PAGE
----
- What kind of religion or belief requests will an employer need to consider
- What steps should an employer take to deal with a request
- What questions should employers ask to ensure their approach to religion or belief request is justified
- Do employees now have a right to promote their particular religion or belief at work
- Can employees refrain from work duties
The guidance also includes examples of requests and how they might be dealt with. It suggests that employers should only question a belief in exceptional circumstances and should take all requests seriously. The guidance can be found at http://www.equalityhumanrights.com/advice-and-guidance/guidance-for-employers/religion-or-belief-new-guidance-february-2013
- The Government has published consultation on the administration of the proposal for shared parental leave and pay. It sets out how the scheme will work in practice and describes it as “flexible” parental leave and pay to distinguish it from the EU Right to Unpaid Parental Leave which must also be taken flexibly. The consultation closes on 17th May 2013. It will cover specifically the following :-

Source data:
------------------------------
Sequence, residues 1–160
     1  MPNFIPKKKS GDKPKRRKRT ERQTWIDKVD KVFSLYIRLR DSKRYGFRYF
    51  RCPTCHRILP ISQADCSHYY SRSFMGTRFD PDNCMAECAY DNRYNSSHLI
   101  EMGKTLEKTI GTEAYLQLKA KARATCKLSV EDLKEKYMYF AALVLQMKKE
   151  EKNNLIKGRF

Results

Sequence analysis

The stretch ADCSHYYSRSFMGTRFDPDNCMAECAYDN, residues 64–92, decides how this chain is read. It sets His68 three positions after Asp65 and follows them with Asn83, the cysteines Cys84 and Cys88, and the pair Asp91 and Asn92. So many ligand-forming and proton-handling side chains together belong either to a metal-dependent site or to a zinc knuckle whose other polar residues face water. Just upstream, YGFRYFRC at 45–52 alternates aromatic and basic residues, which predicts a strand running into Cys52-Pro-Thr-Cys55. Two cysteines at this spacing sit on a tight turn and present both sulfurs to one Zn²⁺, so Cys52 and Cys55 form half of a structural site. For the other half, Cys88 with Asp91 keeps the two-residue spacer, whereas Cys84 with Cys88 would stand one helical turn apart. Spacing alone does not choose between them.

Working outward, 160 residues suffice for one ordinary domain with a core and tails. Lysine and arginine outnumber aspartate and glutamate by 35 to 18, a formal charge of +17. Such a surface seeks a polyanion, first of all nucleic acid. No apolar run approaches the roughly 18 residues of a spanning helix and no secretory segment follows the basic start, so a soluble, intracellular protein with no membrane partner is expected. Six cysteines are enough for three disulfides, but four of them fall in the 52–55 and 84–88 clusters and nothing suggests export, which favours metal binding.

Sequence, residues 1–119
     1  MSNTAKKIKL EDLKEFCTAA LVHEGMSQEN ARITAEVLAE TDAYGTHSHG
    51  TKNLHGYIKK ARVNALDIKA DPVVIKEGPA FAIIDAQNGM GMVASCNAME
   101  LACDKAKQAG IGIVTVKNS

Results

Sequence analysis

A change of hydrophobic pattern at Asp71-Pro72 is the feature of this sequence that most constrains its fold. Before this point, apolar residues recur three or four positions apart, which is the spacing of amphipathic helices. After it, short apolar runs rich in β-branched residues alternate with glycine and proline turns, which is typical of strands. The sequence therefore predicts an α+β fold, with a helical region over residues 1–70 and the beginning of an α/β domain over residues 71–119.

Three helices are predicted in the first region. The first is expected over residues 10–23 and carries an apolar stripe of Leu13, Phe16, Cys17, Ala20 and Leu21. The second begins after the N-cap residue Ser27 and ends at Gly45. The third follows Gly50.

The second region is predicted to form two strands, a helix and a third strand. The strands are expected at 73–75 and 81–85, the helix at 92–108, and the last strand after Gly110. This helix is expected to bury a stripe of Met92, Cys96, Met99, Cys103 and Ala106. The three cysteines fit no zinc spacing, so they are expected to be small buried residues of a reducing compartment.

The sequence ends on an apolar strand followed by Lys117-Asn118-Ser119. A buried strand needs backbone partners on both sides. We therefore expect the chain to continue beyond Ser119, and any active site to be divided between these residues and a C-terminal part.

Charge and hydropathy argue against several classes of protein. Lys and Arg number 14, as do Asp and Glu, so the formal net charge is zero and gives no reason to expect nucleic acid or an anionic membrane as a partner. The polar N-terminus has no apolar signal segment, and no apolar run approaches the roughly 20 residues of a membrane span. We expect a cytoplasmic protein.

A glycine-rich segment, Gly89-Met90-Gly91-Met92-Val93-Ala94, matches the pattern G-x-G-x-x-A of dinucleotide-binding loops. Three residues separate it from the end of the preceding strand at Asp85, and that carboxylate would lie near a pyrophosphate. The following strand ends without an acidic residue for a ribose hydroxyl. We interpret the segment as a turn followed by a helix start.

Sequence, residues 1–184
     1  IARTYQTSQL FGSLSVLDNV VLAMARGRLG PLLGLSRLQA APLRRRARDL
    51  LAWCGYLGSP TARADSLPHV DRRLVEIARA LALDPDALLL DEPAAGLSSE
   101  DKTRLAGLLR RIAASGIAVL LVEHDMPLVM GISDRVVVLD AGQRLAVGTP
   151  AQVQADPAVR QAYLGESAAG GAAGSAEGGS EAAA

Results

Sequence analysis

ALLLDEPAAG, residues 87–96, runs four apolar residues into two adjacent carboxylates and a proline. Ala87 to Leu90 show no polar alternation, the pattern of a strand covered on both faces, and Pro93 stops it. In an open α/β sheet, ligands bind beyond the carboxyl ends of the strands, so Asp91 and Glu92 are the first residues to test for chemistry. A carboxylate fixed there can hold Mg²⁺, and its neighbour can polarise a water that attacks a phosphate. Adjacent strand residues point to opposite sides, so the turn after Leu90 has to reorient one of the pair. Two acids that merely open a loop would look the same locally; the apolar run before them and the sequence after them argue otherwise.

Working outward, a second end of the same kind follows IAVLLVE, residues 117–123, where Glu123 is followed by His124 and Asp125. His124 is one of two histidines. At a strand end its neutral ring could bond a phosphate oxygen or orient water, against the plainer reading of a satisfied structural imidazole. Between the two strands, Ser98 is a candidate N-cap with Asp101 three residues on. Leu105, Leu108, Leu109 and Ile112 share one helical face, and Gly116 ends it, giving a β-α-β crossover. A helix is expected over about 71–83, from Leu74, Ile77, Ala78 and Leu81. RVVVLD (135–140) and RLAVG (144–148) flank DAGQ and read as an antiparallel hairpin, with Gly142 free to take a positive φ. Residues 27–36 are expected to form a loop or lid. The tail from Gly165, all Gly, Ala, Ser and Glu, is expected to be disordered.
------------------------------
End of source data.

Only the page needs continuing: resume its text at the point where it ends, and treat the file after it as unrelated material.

- Anti-natal appointments
- Paternity leave and pay notice
- Eligibility for shared parental leave
- Giving notice to an employer about ending of maternity leave
- Time limit on using the shared parental system
- Keeping in touch (KIT) days
- Right to return to the same job
Details of the proposals for consultation are available upon request.
This legal update is provided for general information purposes only and should not be applied to specific circumstances without prior consultation with us.
For further details on any of the issues covered in this update please contact Gemma Ospedale, Partner in Employment on 020 7583 2222.
It pays to employ the right employment solicitor